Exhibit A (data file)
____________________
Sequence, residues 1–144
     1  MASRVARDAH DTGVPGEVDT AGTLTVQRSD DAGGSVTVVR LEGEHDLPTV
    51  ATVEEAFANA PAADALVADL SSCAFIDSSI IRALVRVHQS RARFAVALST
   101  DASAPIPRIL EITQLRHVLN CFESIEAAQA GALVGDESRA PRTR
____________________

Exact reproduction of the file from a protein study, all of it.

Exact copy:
Sequence, residues 1–144
     1  MASRVARDAH DTGVPGEVDT AGTLTVQRSD DAGGSVTVVR LEGEHDLPTV
    51  ATVEEAFANA PAADALVADL SSCAFIDSSI IRALVRVHQS RARFAVALST
   101  DASAPIPRIL EITQLRHVLN CFESIEAAQA GALVGDESRA PRTR